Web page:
Caulerpa taxifolia

Aquarium caulerpa

Also known as:

Killer algae

Family: Caulerpaceae

Origin: Africa, Asia, Australia, North and South America, Oceania

Caulerpa taxifolia.
Pest seaweed species caulerpa taxifolia.
Photo credit: Yacht and Port agent Montenegro.

Regional Pest Management Plan (RPMP) status

  • Unwanted organism

View more about the RPMP statuses

General description

Aquarium caulerpa is bright green in colour with long runners that grow many leafy feather-like fronds up to 15cm tall.

Fronds have a smooth midrib with opposite branchlets that curve upwards and narrow at the tip.

This plant can form dense fields in waters 1 metre to 35m deep.

What you need to know

Aquarium caulerpa is not in the wild in New Zealand but it could appear.

If aquarium caulerpa ever established here, it would pose a serious threat to our marine ecosystems.

Aquarium caulerpa contains a toxin that prevents most animals from eating it.

Some fish species can still eat it safely, but the toxin stays in their flesh. Humans can become sick if they eat fish containing caulerpa taxifolia toxin.

There are two other species of caulerpa that are causing a biosecurity response. For more information, see Exotic caulerpa.


In its natural habitat, aquarium caulerpa can establish in:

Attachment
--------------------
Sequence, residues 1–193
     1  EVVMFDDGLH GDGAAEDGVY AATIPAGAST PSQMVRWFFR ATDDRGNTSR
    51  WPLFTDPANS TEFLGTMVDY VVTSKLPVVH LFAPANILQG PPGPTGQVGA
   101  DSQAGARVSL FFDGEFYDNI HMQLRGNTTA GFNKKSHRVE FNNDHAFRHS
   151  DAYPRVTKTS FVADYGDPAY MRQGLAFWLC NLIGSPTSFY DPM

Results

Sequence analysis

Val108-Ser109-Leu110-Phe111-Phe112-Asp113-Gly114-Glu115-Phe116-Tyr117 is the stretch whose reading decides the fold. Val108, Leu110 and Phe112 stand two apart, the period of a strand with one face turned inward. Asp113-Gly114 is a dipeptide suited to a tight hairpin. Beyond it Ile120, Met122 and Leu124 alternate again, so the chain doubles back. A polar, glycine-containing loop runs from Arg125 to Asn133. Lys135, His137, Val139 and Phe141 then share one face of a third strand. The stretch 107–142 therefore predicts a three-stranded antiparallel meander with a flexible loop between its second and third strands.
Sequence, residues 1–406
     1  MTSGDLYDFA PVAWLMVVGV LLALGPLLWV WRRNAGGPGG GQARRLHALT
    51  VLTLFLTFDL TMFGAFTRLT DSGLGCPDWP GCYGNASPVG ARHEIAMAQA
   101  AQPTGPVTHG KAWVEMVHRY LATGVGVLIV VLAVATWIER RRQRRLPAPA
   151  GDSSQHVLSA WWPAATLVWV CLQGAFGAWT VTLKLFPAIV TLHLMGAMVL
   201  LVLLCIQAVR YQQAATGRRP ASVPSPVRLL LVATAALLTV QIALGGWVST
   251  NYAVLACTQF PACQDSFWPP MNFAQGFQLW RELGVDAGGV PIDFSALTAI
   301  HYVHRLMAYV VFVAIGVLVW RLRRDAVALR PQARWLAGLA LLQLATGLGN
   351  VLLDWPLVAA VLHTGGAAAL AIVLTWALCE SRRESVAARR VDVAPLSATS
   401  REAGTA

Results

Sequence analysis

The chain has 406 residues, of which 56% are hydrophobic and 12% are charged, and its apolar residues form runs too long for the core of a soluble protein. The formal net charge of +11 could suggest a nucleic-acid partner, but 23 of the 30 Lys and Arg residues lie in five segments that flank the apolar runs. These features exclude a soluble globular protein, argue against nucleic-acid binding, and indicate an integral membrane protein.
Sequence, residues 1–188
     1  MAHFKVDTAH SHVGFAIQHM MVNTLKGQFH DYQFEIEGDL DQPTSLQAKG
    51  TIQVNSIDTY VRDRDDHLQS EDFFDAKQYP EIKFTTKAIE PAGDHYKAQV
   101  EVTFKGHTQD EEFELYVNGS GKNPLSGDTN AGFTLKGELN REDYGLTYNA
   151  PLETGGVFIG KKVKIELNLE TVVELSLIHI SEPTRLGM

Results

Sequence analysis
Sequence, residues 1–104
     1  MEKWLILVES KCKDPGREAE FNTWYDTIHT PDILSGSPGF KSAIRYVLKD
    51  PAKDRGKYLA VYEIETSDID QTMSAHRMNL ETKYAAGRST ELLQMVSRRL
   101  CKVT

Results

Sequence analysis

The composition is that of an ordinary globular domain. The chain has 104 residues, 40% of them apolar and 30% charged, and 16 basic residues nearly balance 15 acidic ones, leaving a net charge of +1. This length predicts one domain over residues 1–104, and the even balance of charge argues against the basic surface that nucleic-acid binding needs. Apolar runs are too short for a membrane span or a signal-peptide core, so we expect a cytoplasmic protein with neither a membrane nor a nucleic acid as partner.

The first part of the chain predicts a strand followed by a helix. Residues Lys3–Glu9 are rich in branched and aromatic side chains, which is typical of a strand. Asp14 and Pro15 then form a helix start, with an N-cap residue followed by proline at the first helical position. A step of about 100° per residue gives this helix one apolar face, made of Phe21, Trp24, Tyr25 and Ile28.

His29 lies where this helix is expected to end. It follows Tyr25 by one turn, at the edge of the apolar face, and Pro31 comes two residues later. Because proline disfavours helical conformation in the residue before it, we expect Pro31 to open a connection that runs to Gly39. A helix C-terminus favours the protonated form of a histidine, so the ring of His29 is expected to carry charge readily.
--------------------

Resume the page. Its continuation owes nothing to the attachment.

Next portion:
• pristine waters
  • nutrient-rich waters
  • port and mooring facilities
  • tropical and temperate waters at a depth of less than 100m.

It grows on many surfaces, including:

  • sandy sea floors
  • rocky outcrops
  • mud
  • human structures like jetties, buoys, and ship ropes.


Aquatic caulerpa is a popular species for aquariums overseas and could be in private aquariums here, creating a biosecurity risk if people dump aquarium waste.

The Ministry of Primary Industries has standards to reduce the risk of it hitchhiking to New Zealand on ships. For more information, see Hitchhiker pests.

In a natural marine environment it reproduces primarily by rapid vegetative growth from the runners. It can spread as fragments in the water column with storms and currents. It can also be spread by human activities like boating, diving and fishing.

Impact on environment

Likely to outcompete and smother native seagrasses and bottom dwelling invertebrates, which would alter habitat and impact native species. This would put our recreational, cultural and commercial marine activities at risk.


If you think you have found aquatic caulerpa, do not attempt to remove it. Take a photo and note the location and any landmarks, and phone 0800 80 99 66.

If aquarium caulerpa ever established here, it would pose a serious threat to the marine ecosystems of New Zealand.